A plethora of initiatives is making its way through the process that will land a still unknown number of measures on the statewide ballot later this year.
Whether the proposal calls for legalizing recreational marijuana, banning single-use plastic bags, or dozens of other actions, voters may find themselves challenged by the number of measures and topics' complexity when they read their ballots.
Thus far, three initiatives have been certified for the November ballot; an additional four have qualified, but have yet to be certified.
Additionally, 70-plus proposals are circulating and collecting signatures, having been given a title and number by the state attorney general's office. More may be placed in the pipeline before the deadline. An initiative's signatures must be gathered and qualified by the secretary of state by June 30.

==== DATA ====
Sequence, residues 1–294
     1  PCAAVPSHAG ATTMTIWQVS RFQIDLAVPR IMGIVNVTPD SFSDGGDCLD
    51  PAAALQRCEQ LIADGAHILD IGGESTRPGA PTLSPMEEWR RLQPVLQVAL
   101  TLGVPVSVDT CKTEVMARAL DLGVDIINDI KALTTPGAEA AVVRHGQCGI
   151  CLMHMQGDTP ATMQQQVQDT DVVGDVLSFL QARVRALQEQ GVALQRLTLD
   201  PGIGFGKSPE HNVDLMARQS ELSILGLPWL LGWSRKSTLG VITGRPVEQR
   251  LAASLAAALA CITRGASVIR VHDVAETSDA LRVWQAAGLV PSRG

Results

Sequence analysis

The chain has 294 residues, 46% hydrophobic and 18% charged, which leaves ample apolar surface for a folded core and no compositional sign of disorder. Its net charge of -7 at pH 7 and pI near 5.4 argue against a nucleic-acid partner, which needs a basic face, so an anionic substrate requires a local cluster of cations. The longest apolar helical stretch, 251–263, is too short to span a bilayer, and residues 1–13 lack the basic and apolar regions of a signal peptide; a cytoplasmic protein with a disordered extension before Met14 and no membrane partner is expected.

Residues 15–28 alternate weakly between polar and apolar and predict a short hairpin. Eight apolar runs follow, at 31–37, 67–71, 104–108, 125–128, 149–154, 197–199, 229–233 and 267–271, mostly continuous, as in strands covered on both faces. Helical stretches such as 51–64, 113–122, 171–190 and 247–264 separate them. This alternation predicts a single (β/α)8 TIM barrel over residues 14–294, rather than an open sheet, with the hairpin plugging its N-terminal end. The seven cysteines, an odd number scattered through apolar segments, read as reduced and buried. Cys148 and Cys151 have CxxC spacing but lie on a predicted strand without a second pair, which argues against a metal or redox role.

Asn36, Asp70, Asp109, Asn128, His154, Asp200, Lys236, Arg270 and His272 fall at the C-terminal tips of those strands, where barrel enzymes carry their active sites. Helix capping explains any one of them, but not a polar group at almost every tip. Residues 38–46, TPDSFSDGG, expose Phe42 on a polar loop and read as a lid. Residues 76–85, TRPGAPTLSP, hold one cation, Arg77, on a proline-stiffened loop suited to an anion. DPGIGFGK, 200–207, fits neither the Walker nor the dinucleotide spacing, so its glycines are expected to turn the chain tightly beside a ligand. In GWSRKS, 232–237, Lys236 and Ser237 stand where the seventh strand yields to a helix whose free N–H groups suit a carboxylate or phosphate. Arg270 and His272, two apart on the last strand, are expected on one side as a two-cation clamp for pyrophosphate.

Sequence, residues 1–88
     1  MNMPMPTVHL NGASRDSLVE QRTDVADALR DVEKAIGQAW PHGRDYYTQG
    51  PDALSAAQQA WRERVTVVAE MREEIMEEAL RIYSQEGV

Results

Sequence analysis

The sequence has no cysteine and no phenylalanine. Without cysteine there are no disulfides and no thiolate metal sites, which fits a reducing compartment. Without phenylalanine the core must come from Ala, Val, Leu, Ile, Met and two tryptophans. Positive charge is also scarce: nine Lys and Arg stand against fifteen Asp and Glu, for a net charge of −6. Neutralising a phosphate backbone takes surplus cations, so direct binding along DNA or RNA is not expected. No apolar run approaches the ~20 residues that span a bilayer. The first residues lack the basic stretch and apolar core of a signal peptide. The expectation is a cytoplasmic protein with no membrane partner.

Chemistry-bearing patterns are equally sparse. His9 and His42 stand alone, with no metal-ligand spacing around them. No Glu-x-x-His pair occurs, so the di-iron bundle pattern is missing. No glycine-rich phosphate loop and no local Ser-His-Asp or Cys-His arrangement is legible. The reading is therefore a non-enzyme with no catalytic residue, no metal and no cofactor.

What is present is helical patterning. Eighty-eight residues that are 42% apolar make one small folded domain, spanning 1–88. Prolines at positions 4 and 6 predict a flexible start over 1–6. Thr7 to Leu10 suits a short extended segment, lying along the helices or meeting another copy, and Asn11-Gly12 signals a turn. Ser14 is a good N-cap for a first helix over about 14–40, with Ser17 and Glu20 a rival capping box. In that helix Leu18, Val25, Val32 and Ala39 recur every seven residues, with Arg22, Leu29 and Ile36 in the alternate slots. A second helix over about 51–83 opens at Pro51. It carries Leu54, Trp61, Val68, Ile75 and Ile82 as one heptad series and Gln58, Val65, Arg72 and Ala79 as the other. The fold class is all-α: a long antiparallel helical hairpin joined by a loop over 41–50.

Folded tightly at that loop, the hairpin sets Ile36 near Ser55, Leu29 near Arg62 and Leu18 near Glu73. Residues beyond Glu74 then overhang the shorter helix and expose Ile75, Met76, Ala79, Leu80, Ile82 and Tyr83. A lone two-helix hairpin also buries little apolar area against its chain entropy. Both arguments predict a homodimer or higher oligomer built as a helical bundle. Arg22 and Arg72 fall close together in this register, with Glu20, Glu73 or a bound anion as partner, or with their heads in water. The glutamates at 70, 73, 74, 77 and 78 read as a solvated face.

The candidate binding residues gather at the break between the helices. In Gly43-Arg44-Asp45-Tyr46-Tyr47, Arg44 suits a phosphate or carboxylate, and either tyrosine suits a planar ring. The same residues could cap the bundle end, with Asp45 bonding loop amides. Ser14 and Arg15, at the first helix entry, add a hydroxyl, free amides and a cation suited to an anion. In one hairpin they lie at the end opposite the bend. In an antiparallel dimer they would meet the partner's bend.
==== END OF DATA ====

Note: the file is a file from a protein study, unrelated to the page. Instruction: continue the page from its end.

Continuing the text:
Scott Lay, a political analyst based in Sacramento, said the number of submitted measures is about triple the normal count.
"I’ve been in this area of politics for 20 years and we’ve never seen anything like this," he said.
There are two main reasons for the increase, according to Lay. For one, the price to file an initiative went up as of Jan. 1 — from $200 to $2,000. That deadline created a race to get initiatives started in the process before the rate hike.
Secondly, the historically low voter turnout numbers during the last gubernatorial race are used as the measure for how many signatures are needed to qualify. That means right now initiatives can qualify with far fewer names than usual.
Still, voters should not expect mounds of propositions. The vast majority will fail to qualify and, Lay said, voters will likely see around a dozen propositions come November.